Business Insights

Providing Care in a Pandemic and Beyond: Three Considerations for Hospital Leaders

Health system and pharmacy leadership need supply chain expertise to operate in the new normal.

Read time: 3.5 minutes

McKesson has unveiled three key considerations for hospital leadership following the historic challenges COVID-19 brought to America’s healthcare system. This includes a renewed focus on achieving tighter operational efficiencies; anticipating greater need for financial assistance for patients; and expanding clinical services to capture new revenue opportunities and improve the cost and quality of care across the health system.

“It’s clear hospitals and health systems expect their pharmaceutical distributor to play an integral role in navigating this pandemic and take proactive steps to provide quality patient care as we move beyond it,” said Scott Miller, president of McKesson’s health systems division. “Our team leverages global insights and applies that knowledge to the individual customer to identify, anticipate and address challenges emerging in today’s pandemic-influenced environment. In addition to our deep supply chain expertise, we’re helping hospitals recover revenue through patient assistance programs and utilization analytics. Health systems should expect more from their distributor, no matter the challenges they may face.”

Operational efficiency is paramount

The pharmaceutical supply chain, while always central to healthcare, will play an even more crucial role as the current pandemic threatens the financial viability of hospitals and health systems, large and small. Global recalls, manufacturing issues, and shrinking margins lead to more shortages and discontinued products, which is exacerbated by regional disasters. Leveraging global supplier partnerships and utilizing intelligent product allocation, McKesson is meeting this unprecedented challenge by creating a more transparent and equitable supply chain that benefits both business performance and patient care.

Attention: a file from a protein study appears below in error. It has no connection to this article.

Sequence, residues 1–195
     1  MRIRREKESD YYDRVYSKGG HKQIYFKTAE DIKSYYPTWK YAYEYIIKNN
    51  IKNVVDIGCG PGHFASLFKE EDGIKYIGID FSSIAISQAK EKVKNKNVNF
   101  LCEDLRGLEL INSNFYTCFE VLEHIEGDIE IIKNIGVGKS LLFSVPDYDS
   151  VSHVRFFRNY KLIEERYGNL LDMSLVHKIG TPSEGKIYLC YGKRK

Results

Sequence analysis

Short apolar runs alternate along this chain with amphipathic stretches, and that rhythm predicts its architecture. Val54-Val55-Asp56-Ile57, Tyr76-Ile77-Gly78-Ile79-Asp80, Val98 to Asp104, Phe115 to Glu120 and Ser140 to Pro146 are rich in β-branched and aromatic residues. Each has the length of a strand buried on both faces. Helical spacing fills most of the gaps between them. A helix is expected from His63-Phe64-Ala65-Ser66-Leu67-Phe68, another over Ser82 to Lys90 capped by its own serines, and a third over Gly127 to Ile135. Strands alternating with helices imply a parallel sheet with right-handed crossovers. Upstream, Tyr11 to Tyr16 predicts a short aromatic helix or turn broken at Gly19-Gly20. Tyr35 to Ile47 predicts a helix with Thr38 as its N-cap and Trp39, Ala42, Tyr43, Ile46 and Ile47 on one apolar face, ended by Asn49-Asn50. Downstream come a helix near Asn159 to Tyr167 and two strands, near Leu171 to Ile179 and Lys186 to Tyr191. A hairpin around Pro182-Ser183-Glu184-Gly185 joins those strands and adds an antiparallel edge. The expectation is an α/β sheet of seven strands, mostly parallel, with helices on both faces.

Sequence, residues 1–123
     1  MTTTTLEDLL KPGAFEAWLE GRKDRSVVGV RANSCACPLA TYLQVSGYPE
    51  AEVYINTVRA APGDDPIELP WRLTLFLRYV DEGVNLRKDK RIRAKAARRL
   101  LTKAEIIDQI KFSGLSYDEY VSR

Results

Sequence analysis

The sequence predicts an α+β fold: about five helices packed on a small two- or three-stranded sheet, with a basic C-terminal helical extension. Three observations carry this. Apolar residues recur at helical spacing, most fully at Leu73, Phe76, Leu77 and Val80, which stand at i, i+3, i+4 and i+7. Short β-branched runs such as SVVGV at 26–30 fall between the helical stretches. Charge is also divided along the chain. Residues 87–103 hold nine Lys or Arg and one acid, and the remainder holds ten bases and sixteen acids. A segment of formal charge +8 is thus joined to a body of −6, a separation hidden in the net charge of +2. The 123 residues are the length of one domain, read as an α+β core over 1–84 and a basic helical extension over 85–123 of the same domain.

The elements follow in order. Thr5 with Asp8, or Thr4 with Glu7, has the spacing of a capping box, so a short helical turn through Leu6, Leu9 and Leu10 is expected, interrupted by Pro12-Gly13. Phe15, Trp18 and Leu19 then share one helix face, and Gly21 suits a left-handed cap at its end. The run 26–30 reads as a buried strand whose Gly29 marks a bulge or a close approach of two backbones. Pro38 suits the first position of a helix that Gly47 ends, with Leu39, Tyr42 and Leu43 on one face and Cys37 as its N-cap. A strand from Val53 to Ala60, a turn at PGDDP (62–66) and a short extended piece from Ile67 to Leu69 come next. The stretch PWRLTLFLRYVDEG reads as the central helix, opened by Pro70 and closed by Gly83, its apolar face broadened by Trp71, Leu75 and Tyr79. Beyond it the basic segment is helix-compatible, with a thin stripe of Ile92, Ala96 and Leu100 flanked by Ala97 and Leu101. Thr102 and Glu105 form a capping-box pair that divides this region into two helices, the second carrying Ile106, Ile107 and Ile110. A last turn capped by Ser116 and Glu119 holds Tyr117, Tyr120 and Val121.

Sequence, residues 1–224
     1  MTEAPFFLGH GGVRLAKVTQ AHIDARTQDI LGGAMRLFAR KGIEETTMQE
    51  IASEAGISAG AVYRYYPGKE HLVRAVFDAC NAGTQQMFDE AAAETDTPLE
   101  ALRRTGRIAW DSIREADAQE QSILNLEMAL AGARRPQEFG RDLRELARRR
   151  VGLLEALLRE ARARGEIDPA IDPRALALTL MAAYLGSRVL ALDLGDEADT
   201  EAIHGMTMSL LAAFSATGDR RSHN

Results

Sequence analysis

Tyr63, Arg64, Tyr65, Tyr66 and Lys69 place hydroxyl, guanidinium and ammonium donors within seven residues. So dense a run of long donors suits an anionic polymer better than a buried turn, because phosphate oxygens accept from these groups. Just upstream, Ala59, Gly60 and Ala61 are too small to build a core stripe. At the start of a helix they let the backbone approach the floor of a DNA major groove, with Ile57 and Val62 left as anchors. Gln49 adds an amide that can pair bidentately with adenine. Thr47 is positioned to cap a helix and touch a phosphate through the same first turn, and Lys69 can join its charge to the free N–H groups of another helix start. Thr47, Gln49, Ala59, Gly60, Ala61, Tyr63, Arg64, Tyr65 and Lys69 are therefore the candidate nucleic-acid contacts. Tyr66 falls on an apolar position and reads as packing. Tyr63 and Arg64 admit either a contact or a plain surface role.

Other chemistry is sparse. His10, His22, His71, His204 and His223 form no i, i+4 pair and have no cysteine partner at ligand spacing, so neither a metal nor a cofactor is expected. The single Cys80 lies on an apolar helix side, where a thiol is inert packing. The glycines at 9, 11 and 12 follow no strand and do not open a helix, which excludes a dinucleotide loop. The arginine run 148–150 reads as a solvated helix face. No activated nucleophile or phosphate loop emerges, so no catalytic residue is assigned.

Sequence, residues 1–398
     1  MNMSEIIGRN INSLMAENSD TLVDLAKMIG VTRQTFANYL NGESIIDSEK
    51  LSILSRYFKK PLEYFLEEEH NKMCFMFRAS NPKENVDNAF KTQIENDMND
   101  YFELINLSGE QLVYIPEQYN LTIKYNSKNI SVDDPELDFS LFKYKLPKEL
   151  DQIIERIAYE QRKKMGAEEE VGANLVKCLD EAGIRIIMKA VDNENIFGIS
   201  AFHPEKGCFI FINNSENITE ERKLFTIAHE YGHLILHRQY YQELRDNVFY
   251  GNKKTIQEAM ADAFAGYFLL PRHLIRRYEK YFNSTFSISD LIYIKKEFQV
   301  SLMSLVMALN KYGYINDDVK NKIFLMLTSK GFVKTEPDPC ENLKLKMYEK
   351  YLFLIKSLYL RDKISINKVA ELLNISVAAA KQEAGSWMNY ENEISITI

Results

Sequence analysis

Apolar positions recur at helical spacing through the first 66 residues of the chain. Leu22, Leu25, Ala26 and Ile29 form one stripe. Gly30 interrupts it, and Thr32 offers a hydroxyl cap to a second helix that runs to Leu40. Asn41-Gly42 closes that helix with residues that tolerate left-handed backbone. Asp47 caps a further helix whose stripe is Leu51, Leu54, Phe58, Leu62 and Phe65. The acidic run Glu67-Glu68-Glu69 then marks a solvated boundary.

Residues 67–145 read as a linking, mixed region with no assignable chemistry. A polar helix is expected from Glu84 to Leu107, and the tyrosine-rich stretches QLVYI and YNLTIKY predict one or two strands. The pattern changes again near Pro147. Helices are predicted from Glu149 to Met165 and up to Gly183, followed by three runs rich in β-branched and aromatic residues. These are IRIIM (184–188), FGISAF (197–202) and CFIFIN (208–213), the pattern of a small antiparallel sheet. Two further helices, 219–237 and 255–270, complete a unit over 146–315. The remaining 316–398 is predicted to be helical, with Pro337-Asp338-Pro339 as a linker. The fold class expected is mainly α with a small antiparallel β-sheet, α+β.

“We were successful treating patients because we had access to drugs,” shared Kevin Colgan, MA, FASHP, University of Chicago Medicine’s vice president and chief pharmacy officer. “McKesson had to throw out the old way of doing things, and they were instrumental in getting our orders filled.”

Formed in response to pandemic-induced purchasing increases, McKesson’s Critical Care Drug Task Force (CCDTF) monitors medicines across the supply chain by using data and analytics. For example, McKesson’s CCDTF compares the number of COVID-19 cases reported on a local and national level with customer demand patterns to help forecast supply needs with pharmaceutical manufacturers. In doing so, the task force supports hospital customers managing supply constraints and ultimately treating COVID-19 patients. The cross-functional team will continue to meet until COVID-19 is manageable and beyond.

More patients need financial assistance

Prior to the pandemic, nearly 28.5 million Americans were uninsured or underinsured (PDF, 1.3 MB), leaving them at risk for medical costs they may not be able to afford. As hospitals respond to COVID-19, pharmacy leadership should be aware of the increased number of uninsured and underinsured patients needing help – some hospitals have already seen a 15% increase in identified patients needing financial support according to McKesson customer data.

Thanks to patient assistance program (PAP) recovery services, qualified patients can receive the medication and medical devices they need at little or no cost to them. “It means the difference between worrying every day about how I’m going to live financially and physically,” shared Marcia Cortis, a HER2-positive breast cancer patient. “If I had chosen to stop the treatment because of the financial hardship, I don’t know whether my outcome would be as good. I have a brighter outlook and peace of mind.”

While the program reduces costs for patients, it also diminishes administrative complexity for health systems, and can recover revenue. Participation in 340B also adds cost savings opportunities. As a result, pharmacy and supply chain leaders have renewed their focus on 340B to address rising drug costs and support patient care services.

Innovation and expansion vital to patient care

The American Hospital Association estimates a total four-month financial impact of $202.6 billion in losses for America’s hospitals and health systems, or an average of $50.7 billion per month. The stakes have never been higher for health systems.

As hospital CEOs and CFOs look to minimize financial impact to their bottom line, leaders must innovate to stay competitive. McKesson’s advanced analytics help health system pharmacies reduce drug spend, enhance staff efficiency, and explore new clinical services. By extending operations to outpatient oncology and specialty clinics, physician clinics, long-term care, and retail settings, health systems have opportunities to generate new revenue while improving the cost and quality of care for the patients they serve.